Although AD is conceptualized as a neurodegenerative disease of the brain, there is increasing awareness that it may involve abnormalities in multiple peripheral tissues34, 77, 78,79–83
. In this regard, several reports indicate that the liver may play an important role in peripheral Aβ clearance from the central nervous system84–86
. To identify potential mechanisms responsible for the observed DHA deficit in AD brain, we focused our attention on the liver because of the essential contribution of this organ in supplying DHA to the brain1
(). Our analyses showed that liver tissue from AD patients contains reduced levels of DHA, but elevated levels of shorter chain omega-3 fatty acids precursors – from α-linolenic to tetracosahexaenoic acid (24:6 omega-3). This profile cannot be caused by a nutritional deficit in omega-3 fatty acids. Rather, the profile suggests a defect in the last step of DHA biosynthesis – the β-oxidative conversion of tetracosahexaenoic acid into DHA, which is catalyzed by DBP in liver peroxisomes. Two additional findings support this interpretation. First, expression of the hydroxysteroid (17-β) dehydrogenase 4 (HSD17B4
) gene, which encodes for DBP58, 59, 87
, is lower in AD. Second, pristanic acid and phytanic acid, two substrates for liver DBP activity, accumulate in the liver of AD patients. Notably, no other gene included in our panel was significantly altered in liver tissue from AD patients, including those encoding for proteins involved in peroxisome biogenesis, such as PEX13, PEX14
. These results are consistent with those of previous studies, which have shown that genetic mutations that selectively disrupt DBP activity reduce DHA levels in human plasma and brain88, 89
. The pathological changes that trigger the down-regulation of liver DBP expression in AD are still unknown. One possible candidate is oxidative stress, which is known to accelerate age-dependent damage to peroxisomes90, 91
. Additional studies should also evaluate the existence of other possible links between liver peroxisomal function and cognition. Moreover, other aspects of DHA metabolism – such as transport and ApoE genotype14, 92–94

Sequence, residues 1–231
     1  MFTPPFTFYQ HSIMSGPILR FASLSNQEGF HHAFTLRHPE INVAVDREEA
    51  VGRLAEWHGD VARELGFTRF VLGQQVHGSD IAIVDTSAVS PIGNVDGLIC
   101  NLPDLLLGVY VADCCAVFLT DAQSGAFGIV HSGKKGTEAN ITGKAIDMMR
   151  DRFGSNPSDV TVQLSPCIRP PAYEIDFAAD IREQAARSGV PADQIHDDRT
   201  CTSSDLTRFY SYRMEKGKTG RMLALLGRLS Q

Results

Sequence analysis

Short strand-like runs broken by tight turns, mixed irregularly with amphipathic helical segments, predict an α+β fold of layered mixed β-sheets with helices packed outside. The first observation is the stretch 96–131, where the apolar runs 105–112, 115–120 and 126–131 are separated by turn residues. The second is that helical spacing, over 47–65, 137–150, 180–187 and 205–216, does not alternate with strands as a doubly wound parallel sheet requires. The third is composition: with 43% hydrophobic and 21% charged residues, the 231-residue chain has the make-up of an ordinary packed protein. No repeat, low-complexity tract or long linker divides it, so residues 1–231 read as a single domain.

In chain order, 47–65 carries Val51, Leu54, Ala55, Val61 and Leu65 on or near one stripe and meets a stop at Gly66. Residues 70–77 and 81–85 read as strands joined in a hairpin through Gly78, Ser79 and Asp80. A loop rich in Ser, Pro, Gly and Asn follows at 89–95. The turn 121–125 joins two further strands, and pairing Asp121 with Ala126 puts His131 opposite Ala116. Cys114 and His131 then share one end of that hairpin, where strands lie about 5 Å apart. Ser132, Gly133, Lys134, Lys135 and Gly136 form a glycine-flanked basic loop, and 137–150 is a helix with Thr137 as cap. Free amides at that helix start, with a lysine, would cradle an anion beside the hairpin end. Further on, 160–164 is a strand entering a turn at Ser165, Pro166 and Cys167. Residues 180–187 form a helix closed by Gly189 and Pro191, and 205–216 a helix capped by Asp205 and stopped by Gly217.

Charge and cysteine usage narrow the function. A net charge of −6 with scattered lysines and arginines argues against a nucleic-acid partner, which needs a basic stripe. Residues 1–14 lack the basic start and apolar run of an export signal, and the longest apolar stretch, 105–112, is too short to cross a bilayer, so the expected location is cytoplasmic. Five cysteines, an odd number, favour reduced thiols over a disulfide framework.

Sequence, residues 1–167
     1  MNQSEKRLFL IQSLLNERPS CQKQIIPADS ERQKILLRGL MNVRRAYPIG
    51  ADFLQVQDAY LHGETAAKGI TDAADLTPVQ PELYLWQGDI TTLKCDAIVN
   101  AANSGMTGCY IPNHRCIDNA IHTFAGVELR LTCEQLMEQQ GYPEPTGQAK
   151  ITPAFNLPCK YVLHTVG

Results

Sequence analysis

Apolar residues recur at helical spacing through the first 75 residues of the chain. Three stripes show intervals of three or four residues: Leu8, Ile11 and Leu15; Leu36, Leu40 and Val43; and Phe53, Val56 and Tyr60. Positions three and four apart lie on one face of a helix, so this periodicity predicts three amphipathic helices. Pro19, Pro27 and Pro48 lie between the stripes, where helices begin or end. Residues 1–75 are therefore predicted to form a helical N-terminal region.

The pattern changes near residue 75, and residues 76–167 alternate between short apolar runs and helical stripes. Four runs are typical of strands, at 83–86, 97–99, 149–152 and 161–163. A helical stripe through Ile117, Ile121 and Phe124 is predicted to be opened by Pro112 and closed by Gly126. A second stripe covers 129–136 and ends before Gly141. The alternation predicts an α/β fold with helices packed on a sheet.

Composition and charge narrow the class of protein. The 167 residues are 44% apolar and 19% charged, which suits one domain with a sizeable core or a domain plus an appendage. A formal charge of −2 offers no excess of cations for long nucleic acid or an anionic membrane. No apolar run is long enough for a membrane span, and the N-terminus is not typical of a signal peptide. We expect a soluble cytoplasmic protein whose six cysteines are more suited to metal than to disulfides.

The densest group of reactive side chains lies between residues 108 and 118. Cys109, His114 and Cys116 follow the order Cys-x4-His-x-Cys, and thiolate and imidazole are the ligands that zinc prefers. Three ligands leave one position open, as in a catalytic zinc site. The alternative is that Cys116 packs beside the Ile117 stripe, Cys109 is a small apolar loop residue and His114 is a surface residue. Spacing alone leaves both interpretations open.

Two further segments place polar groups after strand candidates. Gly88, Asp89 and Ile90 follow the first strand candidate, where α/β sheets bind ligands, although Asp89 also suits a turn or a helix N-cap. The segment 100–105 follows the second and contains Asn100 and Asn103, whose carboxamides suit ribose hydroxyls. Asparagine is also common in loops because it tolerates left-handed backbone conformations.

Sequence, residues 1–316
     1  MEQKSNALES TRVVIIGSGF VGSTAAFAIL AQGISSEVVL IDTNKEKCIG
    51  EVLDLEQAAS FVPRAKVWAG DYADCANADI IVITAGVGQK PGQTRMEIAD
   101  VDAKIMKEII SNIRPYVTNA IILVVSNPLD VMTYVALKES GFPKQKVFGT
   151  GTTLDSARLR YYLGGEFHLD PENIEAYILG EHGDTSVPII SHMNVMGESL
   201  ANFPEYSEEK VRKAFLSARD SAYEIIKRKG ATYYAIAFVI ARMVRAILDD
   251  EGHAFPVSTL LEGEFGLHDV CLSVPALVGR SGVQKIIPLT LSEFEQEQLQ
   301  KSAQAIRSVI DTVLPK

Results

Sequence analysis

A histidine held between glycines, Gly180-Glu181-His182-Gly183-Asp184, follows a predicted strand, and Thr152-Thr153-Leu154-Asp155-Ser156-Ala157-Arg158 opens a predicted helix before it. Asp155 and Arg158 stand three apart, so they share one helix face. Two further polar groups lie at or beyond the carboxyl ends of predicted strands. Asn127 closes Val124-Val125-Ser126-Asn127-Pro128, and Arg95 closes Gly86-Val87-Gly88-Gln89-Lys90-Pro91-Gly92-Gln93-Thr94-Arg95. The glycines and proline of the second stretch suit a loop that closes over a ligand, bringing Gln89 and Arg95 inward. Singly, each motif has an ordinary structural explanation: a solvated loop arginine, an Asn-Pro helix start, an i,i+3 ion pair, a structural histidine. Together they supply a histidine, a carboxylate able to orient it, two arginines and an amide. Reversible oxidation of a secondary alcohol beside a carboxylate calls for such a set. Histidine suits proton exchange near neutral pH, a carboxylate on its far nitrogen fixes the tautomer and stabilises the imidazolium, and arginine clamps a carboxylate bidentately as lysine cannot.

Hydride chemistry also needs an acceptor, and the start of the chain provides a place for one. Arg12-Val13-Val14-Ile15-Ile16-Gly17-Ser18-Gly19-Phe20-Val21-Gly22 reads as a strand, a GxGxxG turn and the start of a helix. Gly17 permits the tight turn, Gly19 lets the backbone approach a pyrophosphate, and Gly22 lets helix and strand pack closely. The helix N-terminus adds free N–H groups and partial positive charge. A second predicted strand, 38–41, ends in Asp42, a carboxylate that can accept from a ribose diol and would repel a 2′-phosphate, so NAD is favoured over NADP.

– might contribute to the observed changes and await further investigation.
Figure 3 Overview of DHA biosynthesis in liver. Liver transforms diet-derived α-linolenic acid (18:3 omega-3) into DHA (22:6 omega-3). In the endoplasmatic reticulum, the serial activities of Δ6 and Δ5 desaturases (encoded by the FADS2 (more ...)
Importantly, the functional significance of the peroxysomal liver dysfunction is underscored by the identification of a strong positive correlation between liver DHA content and cognitive status, indicating a previously unrecognized association between hepatic DHA homeostasis and global cognition1
. Although it is well established that patients with advanced liver diseases (e.g., hepatitis C, non-alcoholic liver steatosis and end-stage liver disease) show a decline in cognitive abilities (e.g.
, hepatic encephalophaty)95–97
, our novel findings reveal that, even in the absence of overt liver pathology, subtle molecular dysfunctions in the liver can be associated with dementia and AD pathology.
It appears, however, that an overall healthy liver is required for optimal DHA biosynthesis. It has been reported that during conditions of hepatic stress such as in chronic alcohol intake98, 99
, and liver steatosis and injury100, 101
, the levels of hepatic DHA are compromised. Supplementation of DHA has been suggested as a new therapeutic approach in the treatment of these conditions102, 103
. Further research will be required to determine the contribution of a dysfunctional hepatic DHA biosynthesis to cognition in relation to liver injury or impaired functioning.